It feels as if every single approach to making a police movie has been made by Hollywood – and then comes David Ayer’s End Of Watch.
End of Watch stars Jake Gyllenhaal (Zodiac, Brokeback Mountain, Donnie Darko) and Michel Pena (Everything Must Go, World Trade Center, Crash) as two long-time partners working for the Los Angeles Police Department.
Ayer’s blends a number of story-lines together that present the police department and this team as neither the super clean heroes established by Jack Webb’s Dragnet in radio, film and on television or the ugly, tainted and corrupt scum of the earth of recent release; two which Ayer’s authored -Training Day and Dark Blue.
Instead, End of Watch provides (literally) a Point of View perspective of the human side of two guys who are incredibly close with one another. It is clear these two police officers are on patrol to serve and protect the citizens of Los Angeles. Do they stretch the law? Sure they do – about as much as someone who mails in the utility bill the day before it is due and hopes not to get a late charge. The dialogue and chemistry between Gyllenhaal and Pena is as good or better than any recent buddy road flick or Bromance by Judd Apatow.
Gyllenhaal’s Brian Taylor is extremely inquisitive and Pena’s Mike Zavala is exceptionally thoughtful and full of insight. This combination of personalities leads the two officer’s into a boatload of action. It is hard to imagine the amount of events happening to these two officer’s let alone a squadron in such a short period of time. Yet, the movie moves with such a fluid nature that this improbable amount of events never enters your mind during the viewing. Eventually, the curiosity of one and support from another leads these officer’s into a final harrowing situation.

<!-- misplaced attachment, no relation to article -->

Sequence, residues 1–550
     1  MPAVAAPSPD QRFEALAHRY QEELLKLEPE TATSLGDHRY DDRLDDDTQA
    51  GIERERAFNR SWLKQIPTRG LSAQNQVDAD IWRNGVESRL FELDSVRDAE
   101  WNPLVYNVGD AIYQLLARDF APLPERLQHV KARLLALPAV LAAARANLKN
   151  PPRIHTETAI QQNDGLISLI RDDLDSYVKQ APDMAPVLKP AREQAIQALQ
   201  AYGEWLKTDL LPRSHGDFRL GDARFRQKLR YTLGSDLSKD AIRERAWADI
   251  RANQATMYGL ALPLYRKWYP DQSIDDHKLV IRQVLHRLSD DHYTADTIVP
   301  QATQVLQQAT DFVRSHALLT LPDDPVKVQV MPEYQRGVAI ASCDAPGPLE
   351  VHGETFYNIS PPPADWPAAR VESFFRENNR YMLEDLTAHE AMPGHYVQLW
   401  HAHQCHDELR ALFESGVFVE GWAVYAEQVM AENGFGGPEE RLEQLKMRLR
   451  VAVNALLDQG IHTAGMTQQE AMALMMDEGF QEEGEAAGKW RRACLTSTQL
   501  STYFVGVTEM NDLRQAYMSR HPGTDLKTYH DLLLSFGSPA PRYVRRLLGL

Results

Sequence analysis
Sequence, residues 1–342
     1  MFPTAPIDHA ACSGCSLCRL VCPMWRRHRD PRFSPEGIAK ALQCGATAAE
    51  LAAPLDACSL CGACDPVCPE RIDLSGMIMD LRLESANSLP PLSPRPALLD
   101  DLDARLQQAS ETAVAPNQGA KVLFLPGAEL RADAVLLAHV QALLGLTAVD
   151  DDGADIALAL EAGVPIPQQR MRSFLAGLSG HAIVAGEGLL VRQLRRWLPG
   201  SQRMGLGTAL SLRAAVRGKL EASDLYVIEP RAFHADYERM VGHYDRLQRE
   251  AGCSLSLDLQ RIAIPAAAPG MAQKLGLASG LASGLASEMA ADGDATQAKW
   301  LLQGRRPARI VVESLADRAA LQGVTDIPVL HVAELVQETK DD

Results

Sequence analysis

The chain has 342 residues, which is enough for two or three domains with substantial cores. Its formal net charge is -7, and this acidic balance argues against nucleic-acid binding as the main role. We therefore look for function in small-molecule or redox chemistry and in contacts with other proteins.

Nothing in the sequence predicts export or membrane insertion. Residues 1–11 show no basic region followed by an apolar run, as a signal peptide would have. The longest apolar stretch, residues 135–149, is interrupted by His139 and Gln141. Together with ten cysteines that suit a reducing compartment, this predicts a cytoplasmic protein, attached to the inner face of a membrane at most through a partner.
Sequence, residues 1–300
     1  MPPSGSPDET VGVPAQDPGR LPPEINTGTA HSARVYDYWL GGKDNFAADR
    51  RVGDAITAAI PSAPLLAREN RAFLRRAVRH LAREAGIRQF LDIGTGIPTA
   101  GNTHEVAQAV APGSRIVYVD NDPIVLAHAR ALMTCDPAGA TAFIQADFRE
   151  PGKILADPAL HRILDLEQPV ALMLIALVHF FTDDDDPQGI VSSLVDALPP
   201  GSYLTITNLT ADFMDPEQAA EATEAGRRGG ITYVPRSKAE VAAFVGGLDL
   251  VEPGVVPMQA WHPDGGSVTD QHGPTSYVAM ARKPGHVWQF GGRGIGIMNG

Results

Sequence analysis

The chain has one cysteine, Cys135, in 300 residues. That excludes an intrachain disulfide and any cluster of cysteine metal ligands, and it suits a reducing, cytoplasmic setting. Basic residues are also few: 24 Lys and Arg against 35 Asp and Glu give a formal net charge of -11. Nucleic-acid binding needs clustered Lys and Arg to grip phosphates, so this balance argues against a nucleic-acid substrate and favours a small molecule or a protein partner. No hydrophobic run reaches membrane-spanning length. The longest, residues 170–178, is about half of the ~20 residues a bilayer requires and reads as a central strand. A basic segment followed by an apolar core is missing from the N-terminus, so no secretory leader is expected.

The cinematography is abrupt, high in resolution with a wide palette of color. The style is made possible by a clever aspect of the storyline of which is completely logical given society’s fascination with technology.
If there is any one aspect of the film that feels stunted it is that of the female leads (and spouses of the officers) Anna Kendrick (Up in the Air, 50/50) and Natalie Martinez (Death Race). Although not cardboard character’s neither role is developed to any level approaching the two officer’s.
Note: I tried to keep count of how many times the bad people in the film used the acronym associated with For Unlawful Carnal Knowledge (first attested around 1475) but lost count. It proved easier to count the words not using the acronym.
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